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As a rejected writer who has found success outside of that system, though, I will admit to moments of irritation about this practice. I personally think that if publishing houses looked at readers, instead of bookstores, as their customers, they’d be able to more accurately judge what The Market is really looking for and they wouldn’t be struggling to stay afloat. More importantly, maybe we wouldn’t be anticipating Snooki’s upcoming memoir.

What’s been the most surprising thing about working with a publisher?

I can only speak to how AmazonEncore works, but I think what I find the most surprising is how quickly things are going. I signed my contract in September. Here it is, a little more than a month later, and my book has already had a thorough copy-editing, promotional material is being readied, and the new book cover is ready. My head is spinning with how much has been accomplished so quickly.

Sometimes, the little things about an experience can be some of the most exciting. What were a couple of “whoopie!” moments you’ve experienced, so far, in dealing with Encore?

First of all, I cannot sufficiently express how much I love the new cover. It so perfectly conveys the tone of the book. I don’t think I’ve stopped smiling since I got it.

But my biggest moment of WHOOPIE came when I received the promo material to look over. I had to call my friend and editor, Amy Rogers, right away and scream girlishly for awhile, because that’s when it hit me: There are people who are being paid to read my book and to think of ways to encourage other people to buy it. It was The Moment for me.

How involved have you been able to be in the process?

I feel very fortunate to have been involved in every step so far. I very much appreciate how open everyone at Encore has been to my input and how much they’ve included me in the process.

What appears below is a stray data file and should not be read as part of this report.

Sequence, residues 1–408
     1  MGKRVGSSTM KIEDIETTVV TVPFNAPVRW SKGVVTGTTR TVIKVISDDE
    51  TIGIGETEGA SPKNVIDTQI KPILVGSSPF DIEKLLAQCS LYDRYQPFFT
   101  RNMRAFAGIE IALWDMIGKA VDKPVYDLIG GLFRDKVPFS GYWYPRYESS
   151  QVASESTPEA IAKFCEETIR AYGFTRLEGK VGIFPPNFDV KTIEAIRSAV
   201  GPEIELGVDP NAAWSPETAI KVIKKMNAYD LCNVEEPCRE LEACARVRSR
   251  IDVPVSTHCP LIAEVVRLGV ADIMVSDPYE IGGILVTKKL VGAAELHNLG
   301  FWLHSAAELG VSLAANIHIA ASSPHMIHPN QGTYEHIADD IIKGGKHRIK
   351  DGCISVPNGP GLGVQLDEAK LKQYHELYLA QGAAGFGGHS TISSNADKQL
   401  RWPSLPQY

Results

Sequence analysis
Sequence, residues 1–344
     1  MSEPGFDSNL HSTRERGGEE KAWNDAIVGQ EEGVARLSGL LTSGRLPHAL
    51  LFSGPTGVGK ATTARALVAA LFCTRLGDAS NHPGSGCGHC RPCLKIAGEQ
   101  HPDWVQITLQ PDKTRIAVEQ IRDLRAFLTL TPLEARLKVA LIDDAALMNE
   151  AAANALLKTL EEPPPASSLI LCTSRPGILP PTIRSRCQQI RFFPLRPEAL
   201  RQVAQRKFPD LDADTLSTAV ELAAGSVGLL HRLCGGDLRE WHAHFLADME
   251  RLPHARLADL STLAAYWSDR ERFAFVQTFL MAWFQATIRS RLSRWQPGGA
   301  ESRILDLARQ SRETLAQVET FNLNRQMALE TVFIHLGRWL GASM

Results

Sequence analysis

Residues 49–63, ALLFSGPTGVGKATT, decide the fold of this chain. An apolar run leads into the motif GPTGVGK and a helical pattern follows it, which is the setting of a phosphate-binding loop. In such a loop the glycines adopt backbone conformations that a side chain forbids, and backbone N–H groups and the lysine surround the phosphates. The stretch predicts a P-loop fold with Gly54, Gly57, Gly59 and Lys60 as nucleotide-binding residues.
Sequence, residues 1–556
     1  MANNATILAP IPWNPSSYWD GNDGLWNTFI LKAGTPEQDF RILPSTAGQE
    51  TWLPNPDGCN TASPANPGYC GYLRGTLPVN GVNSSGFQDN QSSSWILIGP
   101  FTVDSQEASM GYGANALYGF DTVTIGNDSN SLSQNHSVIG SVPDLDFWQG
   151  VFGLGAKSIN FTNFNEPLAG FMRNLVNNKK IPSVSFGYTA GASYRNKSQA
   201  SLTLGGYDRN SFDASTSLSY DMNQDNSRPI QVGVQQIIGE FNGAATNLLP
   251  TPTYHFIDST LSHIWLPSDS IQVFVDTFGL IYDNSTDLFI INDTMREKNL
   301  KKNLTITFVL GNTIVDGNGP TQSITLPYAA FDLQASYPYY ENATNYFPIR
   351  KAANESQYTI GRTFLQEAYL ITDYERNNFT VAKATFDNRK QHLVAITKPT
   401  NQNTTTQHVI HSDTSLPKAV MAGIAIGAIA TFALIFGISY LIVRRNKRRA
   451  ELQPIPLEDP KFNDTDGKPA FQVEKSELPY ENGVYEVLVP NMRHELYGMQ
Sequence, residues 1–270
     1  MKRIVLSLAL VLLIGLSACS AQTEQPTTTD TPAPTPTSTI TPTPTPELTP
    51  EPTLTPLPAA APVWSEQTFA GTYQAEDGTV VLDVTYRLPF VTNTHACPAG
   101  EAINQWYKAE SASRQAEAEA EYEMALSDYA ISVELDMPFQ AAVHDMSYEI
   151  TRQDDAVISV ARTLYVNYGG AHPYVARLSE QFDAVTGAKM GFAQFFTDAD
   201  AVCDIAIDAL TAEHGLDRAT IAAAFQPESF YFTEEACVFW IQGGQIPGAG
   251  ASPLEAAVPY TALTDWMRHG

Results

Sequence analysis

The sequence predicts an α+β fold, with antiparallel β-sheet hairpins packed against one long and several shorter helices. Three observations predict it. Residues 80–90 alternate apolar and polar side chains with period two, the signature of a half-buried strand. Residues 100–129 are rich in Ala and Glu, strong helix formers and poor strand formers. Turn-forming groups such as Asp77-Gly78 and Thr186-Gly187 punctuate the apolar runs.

What are you hoping will be the result of publishing with Encore?

I won’t deny that, in the deepest corner of my wildest dreams, I sometimes imagine movie deals and appearances on The Daily Show. But my original goal in putting my book out into the world still stands. I want to get as many people to read it as I possibly can. Encore has the resources to put it into more hands than I could ever dream of doing on my own.

What is Waiting for Spring‘s official release date, and will you be celebrating on that day?

The official re-release day is May 11, 2011. There will be much eating of pie and drinking of celebratory beverages. And I’m trying to figure out a way to share the day with my very loyal and very vocal readers. They’re the ones who have helped WFS get this far.

Are you interested in publishing The Wendy House with Encore?

If, once it’s finished, they’re interested in publishing it, I’m definitely up to letting them do so.

(I interview R.J. Keller about  The Wendy House, when it was just a work in progress,  here.)

Pre-order your copy of Waiting for Spring.

3 thoughts on “From Self-Pub to Trad-Pub – Indie author R.J. Keller crosses the line

  1. I can’t begin to say how proud I am of Kel (and you, Kristen, and your recent good news). Seems like yesterday that she and I were vying for the 100th review over at the LL Book Review.

    It’s been quite a ride, and it’s only going to get more interesting.